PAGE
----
4. (also slug around) in fig. use, to dispute aggressively; often ext. as slug it out.

[US]S. Crane in N.Y. Press Nov. in Stallman (1966) 105: The people lost their liberty because they went to sleep. Then [...] they wake up and slug around and surprise all the men who thought they were in a trance.
[US]Time 10 May 98: Twice it screens exciting action: once when the sub slugs it out with a disguised German raider.
[US]L. Uris Battle Cry (1964) 22: You always went back and slugged it out.
[US]L. Kramer Faggots 364: Hitting and elbowing and kneeing and scratching and off sides and on sides and slugging it out.
[UK]Guardian Guide 15–21 May 69: Two American guests slugging it out over the burning issues of the day.
[UK]Guardian G2 14 Jan. 13: Representatives of the two companies could be isolated [...] to slug it out.

5. in fig. use of sense 1 .

[US]Chicago Trib. 12 June 4/5: Coffee Slugs Even harder than a Prize Fighter. A newspaper man is subject to trials and tribulations [...] Coffee ‘slugs’ a great many of them.
[Aus]Western Champion (Qld) 12 Dec. 3/1: There was a barmaid sluggin’ the pump.

6. to shoot.

Jackson Dly News (MS) 1 Apr. 7/2: Crook Chatter [...] ‘Shooting, paradoxically enough, is “slugging”’.
[US]E. Booth Stealing Through Life 256: Remember his caper? Slugged two coppers; his partner was topped.
[US]O. Strange Sudden 73: If the dust in them two pokes ain’t exactly sim’lar, Luce didn’t slug Evans.
[US]Fortune Feb. 122: Guns slugging at close range.
[UK]H. Brown Walk in Sun 48: They slugged one into his leg at Mareth.

7. (US) to trudge, to move with an effort, to make an effort; thus slugging adj.

[UK]V. Palmer Passage 63: Patient, slugging work was what he put his trust in.
[US]Reader’s Digest Nov. 62: He was always slugging away at novel writing on the side.
[US](con. 1940s) M. Dibner Admiral (1968) 107: We’ll slug our way through.
[US]L. Heinemann Paco’s Story (1987) 7: We saddled up our rucksacks and slugged off into the deepest, baddest part of the Goongone Forest.

8. to kill, to murder.

[US]N. Algren ‘American Obituary’ in Entrapment (2009) 39: Frank Mears, no address, slugged for ninety cents.
[US]W. Winchell ‘On Broadway’ 5 May [synd. col.] Mrs. Dutch Schultz didn’t get herself slugged for allegedly slandering a comrade killed with Dutch . . . She almost got slugged.

9. (Aus.) to overcharge.

[Aus]Baker Popular Dict. Aus. Sl. 68: Get slugged, to be charged excessively.
[Aus]A. Marshall These Are My People (1957) 141: ‘How much do you slug ’em a week?’ ‘I get paid so much an article.’.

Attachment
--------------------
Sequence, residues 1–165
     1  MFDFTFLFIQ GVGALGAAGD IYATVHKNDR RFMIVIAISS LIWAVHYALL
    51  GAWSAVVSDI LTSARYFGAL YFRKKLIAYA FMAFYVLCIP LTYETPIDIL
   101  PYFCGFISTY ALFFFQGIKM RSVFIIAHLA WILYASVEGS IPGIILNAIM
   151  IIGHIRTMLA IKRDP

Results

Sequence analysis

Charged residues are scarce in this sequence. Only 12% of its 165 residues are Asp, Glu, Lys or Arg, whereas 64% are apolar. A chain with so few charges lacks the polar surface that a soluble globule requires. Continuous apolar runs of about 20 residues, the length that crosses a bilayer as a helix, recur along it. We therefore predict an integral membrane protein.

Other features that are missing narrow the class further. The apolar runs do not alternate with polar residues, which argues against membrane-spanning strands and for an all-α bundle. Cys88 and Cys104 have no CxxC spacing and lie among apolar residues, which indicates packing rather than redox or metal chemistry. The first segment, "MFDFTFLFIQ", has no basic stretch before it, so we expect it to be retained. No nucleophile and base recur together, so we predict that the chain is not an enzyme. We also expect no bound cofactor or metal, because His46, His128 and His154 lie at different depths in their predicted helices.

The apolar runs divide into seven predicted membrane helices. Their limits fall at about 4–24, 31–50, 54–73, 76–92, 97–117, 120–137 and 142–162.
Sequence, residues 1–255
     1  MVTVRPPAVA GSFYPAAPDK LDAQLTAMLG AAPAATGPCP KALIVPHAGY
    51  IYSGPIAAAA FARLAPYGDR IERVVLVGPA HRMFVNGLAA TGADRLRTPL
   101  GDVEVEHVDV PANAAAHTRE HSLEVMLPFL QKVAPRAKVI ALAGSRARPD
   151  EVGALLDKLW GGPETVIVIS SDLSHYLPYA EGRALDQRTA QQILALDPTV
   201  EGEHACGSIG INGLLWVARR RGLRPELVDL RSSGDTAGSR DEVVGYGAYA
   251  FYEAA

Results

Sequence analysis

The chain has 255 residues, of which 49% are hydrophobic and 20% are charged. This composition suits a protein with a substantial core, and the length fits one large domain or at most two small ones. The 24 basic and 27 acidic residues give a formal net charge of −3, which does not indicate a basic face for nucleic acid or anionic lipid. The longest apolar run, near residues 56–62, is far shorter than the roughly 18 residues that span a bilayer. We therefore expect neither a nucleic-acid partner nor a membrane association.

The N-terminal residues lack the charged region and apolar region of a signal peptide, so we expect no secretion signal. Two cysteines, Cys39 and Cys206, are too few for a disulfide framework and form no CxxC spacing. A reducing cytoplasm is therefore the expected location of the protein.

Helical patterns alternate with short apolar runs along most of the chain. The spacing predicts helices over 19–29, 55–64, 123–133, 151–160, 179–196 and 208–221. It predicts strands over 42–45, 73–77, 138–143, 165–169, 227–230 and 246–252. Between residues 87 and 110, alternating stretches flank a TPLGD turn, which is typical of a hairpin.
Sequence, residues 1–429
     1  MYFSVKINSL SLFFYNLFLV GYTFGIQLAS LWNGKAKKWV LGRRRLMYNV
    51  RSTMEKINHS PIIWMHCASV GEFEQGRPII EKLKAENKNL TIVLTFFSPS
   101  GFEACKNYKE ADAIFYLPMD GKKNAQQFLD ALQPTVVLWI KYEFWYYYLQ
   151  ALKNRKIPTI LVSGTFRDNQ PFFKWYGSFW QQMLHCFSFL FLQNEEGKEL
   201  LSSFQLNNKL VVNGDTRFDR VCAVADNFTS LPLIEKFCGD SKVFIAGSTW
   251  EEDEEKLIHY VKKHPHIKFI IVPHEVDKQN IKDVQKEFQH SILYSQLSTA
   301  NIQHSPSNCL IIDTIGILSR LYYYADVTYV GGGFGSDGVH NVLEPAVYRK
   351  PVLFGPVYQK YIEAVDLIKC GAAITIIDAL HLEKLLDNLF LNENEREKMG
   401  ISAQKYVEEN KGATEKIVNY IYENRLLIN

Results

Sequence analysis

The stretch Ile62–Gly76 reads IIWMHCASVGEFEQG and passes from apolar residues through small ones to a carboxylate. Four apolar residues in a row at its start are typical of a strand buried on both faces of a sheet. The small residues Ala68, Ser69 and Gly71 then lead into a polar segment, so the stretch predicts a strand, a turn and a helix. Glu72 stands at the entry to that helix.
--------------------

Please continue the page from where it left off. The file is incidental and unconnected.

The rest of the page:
[NZ]B. Crump Hang On a Minute, Mate (1963) 120: Uncle Wally noticed that the new boundary fence our neighbour had slugged him half the costs of was about six feet on Uncle Wally’s side of the survey pegs.
[Aus]S. Maloney Big Ask 19: Makes you wonder how the government’s union cronies will react to attempts to slug their members.

10. (US) to apply, to dose.

[US](con. 1945) G. Forbes Goodbye to Some (1963) 84: ‘When you slug too much morphine in there, you go into shock?’ There is a wail of derisive laughter.

In derivatives

slugfest (n.) [-fest sfx]

(US) a rough battle, a hard-hitting contest.

News Jrnl (Mansfield, OH) 9 Sept. 3/5: The baltimore pitcher [...] was credited with a home run, double and single in Friday’s slugfest.
[US]N.Y. Press 18 Apr. in Fleming Unforgettable Season (1981) 43: The National League’s first slug-fest of 1908 turned up this afternoon.
[US]Nebraska State Journal 27 July 3/1: [heading] Denver wins in slugfest .
Salt lake Telegram (UT) 31 Oct. 5/3: Boxing fans will be treated to an old time slugfest at the Manhattan Club [...] tonight.
[US]O.O. McIntyre New York Day by Day 23 May [synd. col.] Bustanoby’s [...] was another generating ground for slugfests, usually college boys.
[US]B. Appel People Talk (1972) 385: The Big Slug Fest Smoker.
[US]Naugatuck Dly Times (CT) 8 Nov. 8/5: Some of General Hodges’ Yank soldiers [...] are fighting a grim to to toe slugfest in Hurtgen forest.
[US]H. Whittington Forgive Me, Killer (2000) 27: He sat in a bar, got drunk, went up to see her, they had a slug fest and he —.
Morn. Call (Allentown, PA) 4 Aug. 17/3: The Cincinnati reds outhit the Philadelphia Phillies [...] in one of the wildest slugfests in many years.
[US](con. WWII) T. Sanchez Hollywoodland (1981) 186: Slugfests between zoots and sailors.
[US](con. 1940s–60s) H. Huncke ‘Russian Blackie’ in Eve. Sun Turned Crimson (1998) 103: Ready for a slug-fest or to simply belt someone for the hell of it.
[US]Source Oct. n.p.: His early films were often no more than slugfests.
[Can]Winnipeg Sun 18 July [Internet] Darryl Wolski has scored another potential knock out for his upcoming Hockey Gladiator slugfest. The Brandon promoter has inked a deal [...] to carry the double knock-out hockey fighting tournament.
[US]Paducah Sun (KY) 20 Mar. B2/2: Kelso pitched quite a gem for Calloway County at the Marshall County Slugfest.
sluggy (adj.)

(US teen) violent, aggressive.

[US]H. Ellison Web of the City (1983) 50: He would carve that sluggy sonofabitch from gut to kisser.